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Mother-and-baby home survivors want fully inclusive inquiry into what happened to them

It is anticipated the terms of reference of the Commission of Inquiry will be discussed by Cabinet next week.

Image: Mark Stedman/Photocall Ireland

A COALITION OF mother-and-baby home survivors have made a joint appeal to the Irish government for a fully inclusive, survivor-centred inquiry into the homes.

The Coalition of Mother and Baby Home Survivors (CMABS) formed in late 2013 to submit a complaint to the UN Committee Against Torture. It consists of Adoption Rights Now; The Bethany Home Survivors; Beyond Adoption Ireland; Adopted Illegally Ireland; the Castlepollard Mother and Baby home group: the Dunboyne Mother & Baby home group.

It is in equal partnership with: The Adoption Coalition Worldwide; Irish Womens Survivors Support Network; Tuam Mother/Baby/Home Survivors; Remembering Bessboro group and Natural Mothers Group.

The statement has been sent to the Taoiseach and Tánaiste and a number of Ministers.

Commission of Inquiry

The latest statement comes in advance of the terms of reference of the commission of inquiry into mother-and-baby homes in Ireland being discussed by Cabinet next week.

A member of CMABS said that they are “anticipating a number of setbacks” and that they fear the terms of reference will be narrow. He said that if the terms fall short of their expectations, they will seek meetings with Ministers.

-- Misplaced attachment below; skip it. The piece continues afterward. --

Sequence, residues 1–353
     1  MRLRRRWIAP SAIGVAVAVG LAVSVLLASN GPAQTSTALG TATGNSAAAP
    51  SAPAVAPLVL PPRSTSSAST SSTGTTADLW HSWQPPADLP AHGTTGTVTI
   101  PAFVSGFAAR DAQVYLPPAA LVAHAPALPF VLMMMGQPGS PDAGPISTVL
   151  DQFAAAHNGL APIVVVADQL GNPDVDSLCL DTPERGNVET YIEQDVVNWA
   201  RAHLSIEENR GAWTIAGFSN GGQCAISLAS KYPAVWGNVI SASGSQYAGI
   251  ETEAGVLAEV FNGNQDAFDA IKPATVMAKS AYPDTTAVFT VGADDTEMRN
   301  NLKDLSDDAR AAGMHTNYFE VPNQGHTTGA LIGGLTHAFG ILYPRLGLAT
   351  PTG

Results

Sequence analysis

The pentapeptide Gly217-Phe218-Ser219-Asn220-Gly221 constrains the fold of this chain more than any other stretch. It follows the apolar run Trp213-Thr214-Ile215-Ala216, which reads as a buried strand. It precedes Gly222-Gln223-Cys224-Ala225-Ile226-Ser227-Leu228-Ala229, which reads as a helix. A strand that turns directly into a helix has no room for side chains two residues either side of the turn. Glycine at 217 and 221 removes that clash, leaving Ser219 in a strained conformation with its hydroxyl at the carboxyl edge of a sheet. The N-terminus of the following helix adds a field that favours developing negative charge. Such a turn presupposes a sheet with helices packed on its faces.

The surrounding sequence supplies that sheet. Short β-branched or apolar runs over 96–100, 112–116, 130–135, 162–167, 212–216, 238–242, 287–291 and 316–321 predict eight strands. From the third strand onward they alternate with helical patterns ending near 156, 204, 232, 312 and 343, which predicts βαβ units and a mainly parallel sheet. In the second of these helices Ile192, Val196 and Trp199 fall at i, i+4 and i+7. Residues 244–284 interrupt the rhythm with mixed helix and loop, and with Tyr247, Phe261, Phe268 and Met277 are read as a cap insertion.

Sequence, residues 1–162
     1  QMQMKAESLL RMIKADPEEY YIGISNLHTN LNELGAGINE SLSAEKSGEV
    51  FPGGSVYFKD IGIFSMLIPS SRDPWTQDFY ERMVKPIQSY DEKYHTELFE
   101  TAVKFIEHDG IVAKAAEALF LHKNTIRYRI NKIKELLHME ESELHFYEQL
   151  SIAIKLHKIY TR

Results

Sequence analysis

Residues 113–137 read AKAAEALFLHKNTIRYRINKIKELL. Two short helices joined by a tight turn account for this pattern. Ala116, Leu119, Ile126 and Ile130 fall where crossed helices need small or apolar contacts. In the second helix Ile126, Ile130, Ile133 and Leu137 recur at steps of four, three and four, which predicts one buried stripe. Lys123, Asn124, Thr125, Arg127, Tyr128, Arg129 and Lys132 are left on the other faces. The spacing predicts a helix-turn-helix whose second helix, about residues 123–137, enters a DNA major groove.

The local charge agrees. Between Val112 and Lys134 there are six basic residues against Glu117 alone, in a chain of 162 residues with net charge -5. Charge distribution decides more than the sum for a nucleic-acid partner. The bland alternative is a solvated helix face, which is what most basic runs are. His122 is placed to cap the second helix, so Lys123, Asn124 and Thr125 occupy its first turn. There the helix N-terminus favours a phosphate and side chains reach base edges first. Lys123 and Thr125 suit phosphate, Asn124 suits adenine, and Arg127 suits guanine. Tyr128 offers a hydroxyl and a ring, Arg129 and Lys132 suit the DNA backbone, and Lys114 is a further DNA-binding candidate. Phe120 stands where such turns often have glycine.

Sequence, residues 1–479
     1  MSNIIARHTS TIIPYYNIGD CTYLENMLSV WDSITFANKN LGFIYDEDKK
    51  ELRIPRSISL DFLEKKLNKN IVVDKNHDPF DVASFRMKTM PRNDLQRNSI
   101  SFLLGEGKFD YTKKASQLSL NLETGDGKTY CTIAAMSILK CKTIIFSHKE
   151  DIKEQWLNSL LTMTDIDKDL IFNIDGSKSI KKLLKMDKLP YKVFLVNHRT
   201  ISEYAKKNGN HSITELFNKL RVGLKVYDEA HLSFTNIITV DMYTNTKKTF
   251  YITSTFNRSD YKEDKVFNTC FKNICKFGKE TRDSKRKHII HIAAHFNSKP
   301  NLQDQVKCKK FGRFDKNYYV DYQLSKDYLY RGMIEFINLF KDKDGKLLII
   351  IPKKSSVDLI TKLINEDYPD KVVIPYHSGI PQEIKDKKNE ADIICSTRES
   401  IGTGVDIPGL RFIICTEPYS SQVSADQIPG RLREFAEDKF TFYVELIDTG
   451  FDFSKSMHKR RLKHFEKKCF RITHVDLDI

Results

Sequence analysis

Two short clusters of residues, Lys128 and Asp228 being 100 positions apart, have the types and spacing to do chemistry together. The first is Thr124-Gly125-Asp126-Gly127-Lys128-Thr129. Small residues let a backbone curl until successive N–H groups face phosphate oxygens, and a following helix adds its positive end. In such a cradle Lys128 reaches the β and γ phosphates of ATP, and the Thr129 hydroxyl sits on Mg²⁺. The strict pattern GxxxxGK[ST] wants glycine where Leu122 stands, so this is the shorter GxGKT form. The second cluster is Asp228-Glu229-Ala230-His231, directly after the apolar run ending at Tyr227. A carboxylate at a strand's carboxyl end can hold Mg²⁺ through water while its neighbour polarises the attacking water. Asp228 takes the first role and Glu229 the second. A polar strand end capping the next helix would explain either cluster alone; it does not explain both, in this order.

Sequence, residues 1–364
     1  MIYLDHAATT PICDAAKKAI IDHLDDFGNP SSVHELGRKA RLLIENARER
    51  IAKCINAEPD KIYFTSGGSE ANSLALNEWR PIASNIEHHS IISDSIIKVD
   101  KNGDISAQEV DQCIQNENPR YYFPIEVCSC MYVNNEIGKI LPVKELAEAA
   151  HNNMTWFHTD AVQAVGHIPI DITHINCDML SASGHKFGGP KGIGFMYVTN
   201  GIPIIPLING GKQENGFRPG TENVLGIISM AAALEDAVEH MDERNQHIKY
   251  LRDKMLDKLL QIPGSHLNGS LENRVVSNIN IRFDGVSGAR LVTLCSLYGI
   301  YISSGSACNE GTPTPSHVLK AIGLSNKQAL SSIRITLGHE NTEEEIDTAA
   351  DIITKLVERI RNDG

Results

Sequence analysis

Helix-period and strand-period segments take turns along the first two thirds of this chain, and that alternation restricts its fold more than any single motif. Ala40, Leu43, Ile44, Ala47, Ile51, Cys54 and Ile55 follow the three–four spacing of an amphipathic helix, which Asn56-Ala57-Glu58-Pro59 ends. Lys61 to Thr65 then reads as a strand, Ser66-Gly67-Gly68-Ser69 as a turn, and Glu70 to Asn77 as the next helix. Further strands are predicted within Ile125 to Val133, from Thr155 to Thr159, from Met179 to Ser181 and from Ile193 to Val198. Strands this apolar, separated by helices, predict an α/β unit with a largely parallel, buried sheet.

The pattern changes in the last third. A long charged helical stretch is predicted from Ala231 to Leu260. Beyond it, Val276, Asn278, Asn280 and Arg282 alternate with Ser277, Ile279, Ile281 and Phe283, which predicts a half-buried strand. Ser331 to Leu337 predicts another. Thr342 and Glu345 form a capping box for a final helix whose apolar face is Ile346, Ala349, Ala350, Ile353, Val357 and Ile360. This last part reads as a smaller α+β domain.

This large group of survivors is calling on the Taoiseach, Tánaiste and Cabinet for a “survivor centered, fully inclusive inquiry that must meet the standards of a UN Inquiry”.

In a statement, they outline how they want acknowledgement, an apology and full restorative justice first.

They say there should be an immediate acknowledgement and apology to all survivors, particularly because of the ageing profile of those who lived in the homes.

Survivors stand absolutely united on this point of principle of putting survivors first.

They also want all survivors affected by the treatment of natural mothers and their children by the State and/or religious groups and/or private groups to be included.

The coalition says their inclusion is vital in both the acknowledgement, apology and full restorative justice aspect, and in the Commission of Inquiry.

“All survivors who come forward must be recognised and treated equally. The inquiry must be about people and not buildings,” they say.

They are calling for the Commission of Inquiry to be entirely separate, and say it should include at least one other international figure.

They want the commission to be timely and all inclusive and meet United Nations best practice standards.

“The entire network of institutions, people, adoption agencies, nursing homes, holding centres, etc, must be investigated in its totality,” say the coalition members.

Memorials

One key part of their latest statement is in relation to funding for memorials for children who died while in mother-and-baby and adoption homes.

The coalition is looking for this funding to be made available immediately in line with the Bethany Home Memorial in Mount Jerome. This latter memorial to the 222 Bethany children who were buried in unmarked graves was unveiled at a ceremony in April.

It was funded by the State after a sustained campaign by the Bethany survivors.

The coalition say they want only “non-invasive memorials to be erected by representative survivor groups associated with each home” until agreement is reached regarding forensic investigation of the ‘angel plots’ for children buried in unmarked graves.

Read: ‘For the first time in 16 years we were treated the same as Catholics’>

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